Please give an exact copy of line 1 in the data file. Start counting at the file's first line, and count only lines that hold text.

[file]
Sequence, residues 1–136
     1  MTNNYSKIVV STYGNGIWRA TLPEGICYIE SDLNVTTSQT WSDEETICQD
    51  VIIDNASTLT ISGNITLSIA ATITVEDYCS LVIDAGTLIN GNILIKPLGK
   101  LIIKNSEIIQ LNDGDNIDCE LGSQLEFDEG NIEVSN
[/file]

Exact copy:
Sequence, residues 1–136